Learning analytics are not the goal in themselves. Learning intelligence is the goal. Learning intelligence is the actionable information arising from learning analytics that has the potential to deliver improved learner success. The evidence from analytics in business is that there is deep value to be mined in the data. The objectivity and rigour that is represented by learning analytics provides an empirical basis for everything from learner-level interventions to national policy making.The Society for Learning Analytics Research (SoLAR) is an inter-disciplinary network of leading international researchers who are exploring the role and impact of analytics on teaching, learning, training and development. Their mission as an organisation is to:

  1. Pursue research opportunities in learning analytics and educational data mining,
  2. Increase the profile of learning analytics in educational contexts, and
  3. Serve as an advocate for learning analytics to policy makers

Significant potential exists for analytics to guide learners, educators, administrators, and funders in making learning-related decisions. Learning analytics represents the application of “big data” and analytics in education. SoLAR is an organisation that is focused on a building a planned and integrated approach to developing insightful and easy-to-use learning analytics tools. Three key beliefs underpin their proposal:

  1. Openness of process, algorithms, and technologies is important for innovation and meeting the varying contexts of implementation.
  2. Modularised integration: core analytic tools (or engines) include adaptation, learning, interventions and dashboards. The learning analytics platform is an open architecture, enabling researchers to develop their own tools and methods to be integrated with the platform.
  3. Reduction of inevitable fragmentation by providing an integrated, expandable, open technology that researchers and content producers can use in data mining, analytics, and adaptive content development.

From my experience talking to educators, it’s clear they usually know that there is data available and they know how to act on learning intelligence when they have it, but they’re much less sure about the analytics phase. Whilst working on a national procurement for a learning management system last year I realised we really knew very little about the utilisation of key technology assets in the schools we were trying to build systems for. As it turned out this data was sitting, untouched, in log files in servers within these schools. I approached three of the schools and asked their permission to copy this data for the purposes of analysis. They knew it existed and were happy for me to analyse the anonymised data.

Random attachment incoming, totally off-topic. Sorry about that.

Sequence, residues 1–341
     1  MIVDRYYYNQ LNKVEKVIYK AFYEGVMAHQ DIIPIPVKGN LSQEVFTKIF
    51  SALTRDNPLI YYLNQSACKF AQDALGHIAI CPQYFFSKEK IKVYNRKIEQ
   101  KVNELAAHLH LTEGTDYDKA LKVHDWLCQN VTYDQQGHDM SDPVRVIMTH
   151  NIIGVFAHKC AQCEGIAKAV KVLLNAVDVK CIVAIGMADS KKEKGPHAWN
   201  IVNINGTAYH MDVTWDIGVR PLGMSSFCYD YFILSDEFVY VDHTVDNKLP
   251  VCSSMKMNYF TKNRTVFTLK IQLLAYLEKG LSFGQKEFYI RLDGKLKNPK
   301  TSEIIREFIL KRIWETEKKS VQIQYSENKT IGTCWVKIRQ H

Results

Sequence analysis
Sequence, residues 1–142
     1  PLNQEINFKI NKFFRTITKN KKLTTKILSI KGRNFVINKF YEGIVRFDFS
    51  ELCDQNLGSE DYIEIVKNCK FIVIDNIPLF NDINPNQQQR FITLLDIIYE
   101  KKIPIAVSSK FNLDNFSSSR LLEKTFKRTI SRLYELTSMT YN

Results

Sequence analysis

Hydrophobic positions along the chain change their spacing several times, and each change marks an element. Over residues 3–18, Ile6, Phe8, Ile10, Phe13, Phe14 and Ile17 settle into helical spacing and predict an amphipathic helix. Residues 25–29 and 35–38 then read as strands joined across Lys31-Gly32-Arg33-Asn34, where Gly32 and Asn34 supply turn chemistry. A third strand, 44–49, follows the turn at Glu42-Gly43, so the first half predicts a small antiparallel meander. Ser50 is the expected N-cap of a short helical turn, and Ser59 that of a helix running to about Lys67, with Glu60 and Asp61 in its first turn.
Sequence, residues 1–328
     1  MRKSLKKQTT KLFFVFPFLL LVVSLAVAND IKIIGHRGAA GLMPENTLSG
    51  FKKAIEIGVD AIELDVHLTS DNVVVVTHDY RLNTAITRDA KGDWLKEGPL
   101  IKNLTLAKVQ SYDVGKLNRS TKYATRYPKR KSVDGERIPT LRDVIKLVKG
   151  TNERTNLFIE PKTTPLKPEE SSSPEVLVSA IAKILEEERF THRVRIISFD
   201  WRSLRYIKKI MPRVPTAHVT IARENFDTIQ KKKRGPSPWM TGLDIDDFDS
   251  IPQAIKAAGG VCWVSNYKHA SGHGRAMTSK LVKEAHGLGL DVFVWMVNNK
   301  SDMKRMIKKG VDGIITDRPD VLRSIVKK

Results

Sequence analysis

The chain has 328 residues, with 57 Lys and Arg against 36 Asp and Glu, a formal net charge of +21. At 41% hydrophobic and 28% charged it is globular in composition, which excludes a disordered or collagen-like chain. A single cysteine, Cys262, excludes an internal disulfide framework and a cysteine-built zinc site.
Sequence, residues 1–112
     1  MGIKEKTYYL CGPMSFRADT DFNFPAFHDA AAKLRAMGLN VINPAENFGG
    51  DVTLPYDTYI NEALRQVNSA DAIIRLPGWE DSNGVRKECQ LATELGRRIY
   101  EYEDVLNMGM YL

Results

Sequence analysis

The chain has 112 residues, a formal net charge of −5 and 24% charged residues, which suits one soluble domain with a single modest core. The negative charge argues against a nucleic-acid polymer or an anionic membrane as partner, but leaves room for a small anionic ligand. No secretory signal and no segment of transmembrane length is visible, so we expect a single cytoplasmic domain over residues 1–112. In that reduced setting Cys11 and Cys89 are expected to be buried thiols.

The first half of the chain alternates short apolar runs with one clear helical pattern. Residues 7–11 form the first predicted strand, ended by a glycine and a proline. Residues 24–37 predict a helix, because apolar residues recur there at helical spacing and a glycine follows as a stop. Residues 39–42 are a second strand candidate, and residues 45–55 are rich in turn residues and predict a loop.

I was able to analyse the utilisation of technology assets (software and hardware) across these schools over a period of months in order to understand exactly how technology was used. This enabled me to show where the investment in technology was being dramatically underused and how it could be re-shaped to maximise utilisation of the investment in order to improve the chances of learning gains. I didn’t have time to, but could have mapped this data against the timetable and assessment data to explore how technology mapped against attainment. This would have allowed me to correlate technology utilisation by different teachers, departments and schools against the performance of their pupils.

This example is the tip of the iceberg in terms of analytics and big data in education. In terms of my technology strategy, identifying and analysing key data in your school to produce learning intelligence will maximise the learning bang for your technology buck in an objective manner. It is a critical part of your strategy because without the analysis, you may well be making unnecessary or ineffective investments in technology. Don’t be driven by technology; be driven by learning outcomes.

Personal Data Protection in the Cloud

A few weeks ago I was contacted by a student asking me to complete a questionnaire on cloud security issues as part of a dissertation for her degree. At the time I thought I should probably post my answers here but I was overtaken by events (or in plain speak, I plain forgot).

However, I was reminded this morning by an article published yesterday on the very same topic. The article is built around a joint statement issued by European Commission Vice-President Viviane Reding and US Secretary of Commerce John Bryson on the 19th March. The statement frames a high level conference on Privacy and Protection of Personal Data, held simultaneously in Washington and Brussels and, in their words, “represents an important opportunity to deepen our transatlantic dialogue on commercial data privacy issues.” This is an excerpt from the statement: